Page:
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immigration

Among the crops at risk are Washington's renowned apples. Some of the crop is dumped when labor shortages prevail.
Shannon Dininny / The Associated Press (file)

Farmworkers are considered an essential part of the food supply system, so they have to stay on the job, even under Gov. Jay Inslee’s “Stay Home, Stay Safe” order.

But many of the people who work the fields or ranches here lack sufficient protection to keep them safe from the coronavirus. Human rights advocates say that needs to change immediately.

People sort canned and other non-perishable food at Capital Area Food Bank in Washington, D.C., on March 19. nonprofit organizations are stepping up to fill the gap left by the lack of a safety net for undocumented immigrants.
Carolyn Kaster / The Associated Press

Like many people trying to subsist in Washington state right now with so much of the economy at a standstill, work has dried up for Jose. But because he’s an undocumented immigrant, he has no ability to apply for unemployment benefits and won’t receive a stimulus check from the federal government.

U.S. Department of Justice seal
Simone Alicea / KNKX

The Trump administration is suing King County after a 2019 directive that resulted in the stoppage of flights at Boeing Field chartered by U.S. Immigration and Customs Enforcement.

Parker Miles Blohm / KNKX

Immigrant rights activists say fare enforcement officers on public transit can cause fear if people worry they're working with Immigration and Customs Enforcement. A flier is being distributed in King County in English, Spanish and Chinese that aims to lessen those fears.

NPR correspondent Aarti Shahani
Parker Miles Blohm / KNKX

Because Aarti Shahani is a South Asian covering the tech industry for NPR, she says people assume she’s a model immigrant from a well-to-do family. But in her new book, “Here We Are, American Dreams, American Nightmares,” she challenges the notion of the so-called “good immigrant."

In this photo taken Sept. 10, 2019, workers are shown in the kitchen of the U.S. Immigration and Customs Enforcement (ICE) detention facility in Tacoma, Wash. during a media tour.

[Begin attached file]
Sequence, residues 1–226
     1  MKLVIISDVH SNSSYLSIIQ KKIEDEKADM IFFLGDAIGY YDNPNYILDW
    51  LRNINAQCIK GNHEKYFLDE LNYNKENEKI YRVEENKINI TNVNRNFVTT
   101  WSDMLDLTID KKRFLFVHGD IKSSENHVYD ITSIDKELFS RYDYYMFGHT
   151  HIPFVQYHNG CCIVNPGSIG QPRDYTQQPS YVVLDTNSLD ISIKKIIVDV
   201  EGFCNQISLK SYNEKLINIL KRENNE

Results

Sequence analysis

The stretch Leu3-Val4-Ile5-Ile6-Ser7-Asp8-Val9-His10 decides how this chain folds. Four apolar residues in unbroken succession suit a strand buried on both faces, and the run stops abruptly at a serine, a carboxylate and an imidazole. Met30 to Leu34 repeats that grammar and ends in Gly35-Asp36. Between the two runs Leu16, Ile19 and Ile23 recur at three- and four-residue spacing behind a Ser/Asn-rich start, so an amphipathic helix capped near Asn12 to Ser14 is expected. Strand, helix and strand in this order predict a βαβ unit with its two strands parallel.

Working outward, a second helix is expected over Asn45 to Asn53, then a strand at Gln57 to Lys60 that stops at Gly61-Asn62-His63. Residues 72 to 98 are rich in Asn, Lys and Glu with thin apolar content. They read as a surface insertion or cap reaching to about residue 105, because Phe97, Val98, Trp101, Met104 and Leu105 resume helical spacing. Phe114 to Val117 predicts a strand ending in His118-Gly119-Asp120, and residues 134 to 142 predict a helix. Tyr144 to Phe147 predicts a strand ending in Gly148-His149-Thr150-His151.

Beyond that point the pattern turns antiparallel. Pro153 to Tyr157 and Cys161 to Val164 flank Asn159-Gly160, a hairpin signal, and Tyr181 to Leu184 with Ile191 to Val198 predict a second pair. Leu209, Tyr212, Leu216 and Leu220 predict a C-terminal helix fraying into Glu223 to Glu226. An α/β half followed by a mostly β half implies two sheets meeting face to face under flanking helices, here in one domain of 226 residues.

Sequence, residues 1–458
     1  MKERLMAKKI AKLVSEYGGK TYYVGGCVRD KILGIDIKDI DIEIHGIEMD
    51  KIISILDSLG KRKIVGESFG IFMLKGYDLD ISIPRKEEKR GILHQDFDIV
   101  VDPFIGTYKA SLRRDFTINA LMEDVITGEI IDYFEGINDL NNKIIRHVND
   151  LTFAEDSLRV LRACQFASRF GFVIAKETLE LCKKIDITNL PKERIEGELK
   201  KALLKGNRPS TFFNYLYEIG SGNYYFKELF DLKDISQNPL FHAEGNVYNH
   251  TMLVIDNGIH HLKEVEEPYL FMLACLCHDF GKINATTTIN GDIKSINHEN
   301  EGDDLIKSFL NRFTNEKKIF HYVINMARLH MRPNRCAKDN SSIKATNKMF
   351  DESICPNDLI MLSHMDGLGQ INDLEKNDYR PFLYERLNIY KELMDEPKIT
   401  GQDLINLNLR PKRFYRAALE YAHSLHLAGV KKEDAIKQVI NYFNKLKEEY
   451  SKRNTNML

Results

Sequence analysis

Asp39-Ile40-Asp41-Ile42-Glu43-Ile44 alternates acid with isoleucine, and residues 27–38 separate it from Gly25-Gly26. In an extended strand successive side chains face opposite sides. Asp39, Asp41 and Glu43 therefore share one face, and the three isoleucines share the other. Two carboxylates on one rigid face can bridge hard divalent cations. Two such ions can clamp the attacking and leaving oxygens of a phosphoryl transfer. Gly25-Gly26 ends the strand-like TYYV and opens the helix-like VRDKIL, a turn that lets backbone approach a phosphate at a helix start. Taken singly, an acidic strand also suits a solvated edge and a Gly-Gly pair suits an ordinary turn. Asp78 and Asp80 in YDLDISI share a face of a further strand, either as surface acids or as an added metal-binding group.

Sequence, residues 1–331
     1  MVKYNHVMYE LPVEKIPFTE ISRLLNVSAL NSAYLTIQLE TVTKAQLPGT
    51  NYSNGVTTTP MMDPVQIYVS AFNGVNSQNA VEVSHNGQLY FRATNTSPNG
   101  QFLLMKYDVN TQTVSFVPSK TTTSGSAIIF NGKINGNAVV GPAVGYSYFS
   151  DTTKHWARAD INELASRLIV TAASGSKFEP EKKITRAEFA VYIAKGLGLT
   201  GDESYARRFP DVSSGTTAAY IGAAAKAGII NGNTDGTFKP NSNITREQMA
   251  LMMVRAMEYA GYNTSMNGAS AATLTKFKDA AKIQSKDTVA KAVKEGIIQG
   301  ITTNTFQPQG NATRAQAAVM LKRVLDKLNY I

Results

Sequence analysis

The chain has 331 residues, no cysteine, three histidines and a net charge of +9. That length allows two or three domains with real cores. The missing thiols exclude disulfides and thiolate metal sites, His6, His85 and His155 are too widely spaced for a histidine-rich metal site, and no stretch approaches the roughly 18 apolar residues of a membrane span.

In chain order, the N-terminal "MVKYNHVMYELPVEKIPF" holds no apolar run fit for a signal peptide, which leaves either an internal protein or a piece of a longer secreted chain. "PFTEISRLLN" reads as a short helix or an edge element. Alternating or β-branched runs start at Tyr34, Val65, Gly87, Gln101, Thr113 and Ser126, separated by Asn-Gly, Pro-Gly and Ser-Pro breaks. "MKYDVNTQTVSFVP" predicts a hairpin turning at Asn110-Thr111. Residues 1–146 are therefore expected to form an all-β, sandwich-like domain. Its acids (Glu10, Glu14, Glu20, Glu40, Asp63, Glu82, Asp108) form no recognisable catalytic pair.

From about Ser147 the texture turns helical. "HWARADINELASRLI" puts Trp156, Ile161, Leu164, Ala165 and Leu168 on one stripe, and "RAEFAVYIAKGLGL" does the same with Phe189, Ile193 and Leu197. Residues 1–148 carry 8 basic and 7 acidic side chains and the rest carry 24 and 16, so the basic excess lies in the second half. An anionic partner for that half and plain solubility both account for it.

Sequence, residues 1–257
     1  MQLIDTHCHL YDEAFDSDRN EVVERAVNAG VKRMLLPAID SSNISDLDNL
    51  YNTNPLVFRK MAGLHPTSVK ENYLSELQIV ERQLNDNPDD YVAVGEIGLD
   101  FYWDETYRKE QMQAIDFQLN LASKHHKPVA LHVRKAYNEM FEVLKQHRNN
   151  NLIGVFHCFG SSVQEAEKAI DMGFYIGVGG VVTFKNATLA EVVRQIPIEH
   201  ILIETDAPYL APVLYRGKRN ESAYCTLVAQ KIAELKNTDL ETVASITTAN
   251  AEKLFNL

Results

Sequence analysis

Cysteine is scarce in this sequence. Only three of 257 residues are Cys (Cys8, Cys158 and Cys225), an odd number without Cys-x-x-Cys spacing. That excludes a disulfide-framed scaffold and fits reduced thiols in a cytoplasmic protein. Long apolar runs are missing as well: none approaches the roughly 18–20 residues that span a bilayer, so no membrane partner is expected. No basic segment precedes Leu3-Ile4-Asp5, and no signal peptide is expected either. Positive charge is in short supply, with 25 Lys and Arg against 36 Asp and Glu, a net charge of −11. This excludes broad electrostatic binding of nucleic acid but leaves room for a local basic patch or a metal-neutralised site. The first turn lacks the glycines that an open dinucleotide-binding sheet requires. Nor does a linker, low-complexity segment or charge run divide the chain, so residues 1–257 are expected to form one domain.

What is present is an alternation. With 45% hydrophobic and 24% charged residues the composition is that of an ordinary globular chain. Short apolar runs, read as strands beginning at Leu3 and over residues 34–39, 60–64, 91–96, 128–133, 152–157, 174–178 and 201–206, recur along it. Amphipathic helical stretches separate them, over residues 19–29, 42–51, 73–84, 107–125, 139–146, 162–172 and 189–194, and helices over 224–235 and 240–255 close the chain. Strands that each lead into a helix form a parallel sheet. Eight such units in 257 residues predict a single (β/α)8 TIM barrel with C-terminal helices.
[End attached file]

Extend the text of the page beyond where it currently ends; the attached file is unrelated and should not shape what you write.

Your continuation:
Ted S. Warren / The Associated Press

SEATTLE (AP) — A U.S. judge who previously ruled that Washington state could pursue its claim that immigration detainees must be paid minimum wage for work at a privately run, for-profit immigration jail said Tuesday he intends to reverse himself at the urging of the Trump administration.

U.S. District Judge Robert Bryan issued a proposed order notifying lawyers for the state and for the GEO Group, which operates the large immigration detention center in Tacoma, that he plans to dismiss the case. He gave them until Oct. 4 to respond.

Ted S. Warren / AP Photo

Leaders of Tacoma, home to one of the nation's largest holding spaces for people facing deportation, plan to lobby members of Congress this week to reform the immigrant detention system.

In this file photo from December 2018, an asylum-seeking boy from Central America runs down a hallway after arriving at a shelter in San Diego. This week, a 17-year-old girl from Honduras accused a staffer at a Seattle shelter of touching her.
Gregory Bull / The Associated Press

A 17-year-old girl from Honduras says a staff member at a Seattle shelter violated the shelter's rules by touching her and other migrant girls at the facility, according to court documents.

The girl’s account is part of a federal lawsuit filed last week by migrant children and their advocates from around the country, challenging the federal government’s handling of cases of minors who cross the border without parents or guardians.

Elaine Thompson / The Associated Press

The federal government shutdown is worsening a record backlog of immigration cases both statewide and nationally, and creating stress for people navigating the system, local attorneys and activists say.

Will James / KNKX

This is a breaking news story. We will update this post with new information as it develops. 

U.S. Department of Homeland Security officials have opened an investigation into the death of an immigrant detainee in Tacoma last month.

Ted S. Warren / AP Photo

Leaders in Tacoma, home to one of the nation's largest detention centers for immigrants facing deportation, may vote Tuesday to express disapproval with the Trump administration's approach to border enforcement.

Will James / KNKX

Washington state's two U.S. senators and two members of its House delegation are seeking answers about the death of an immigration detainee in Tacoma last week.

seattle city council members during a meeting
Ted S. Warren / AP

The Seattle City Council has publicly opposed a proposal by the Trump Administration that one council member says is already having a chilling effect on immigrant communities. 

A makeshift memorial formed outside St. Joseph Medical Center at a vigil in honor of an immigrant detainee who died there Saturday night.
Will James / KNKX

This is a breaking news story. We'll update this post with new information as it becomes available.

An asylum seeker held in Tacoma died Saturday evening of injuries he suffered during a suicide attempt before his scheduled deportation, a U.S. Immigration and Customs Enforcement spokeswoman said.

Ted S. Warren / AP Photo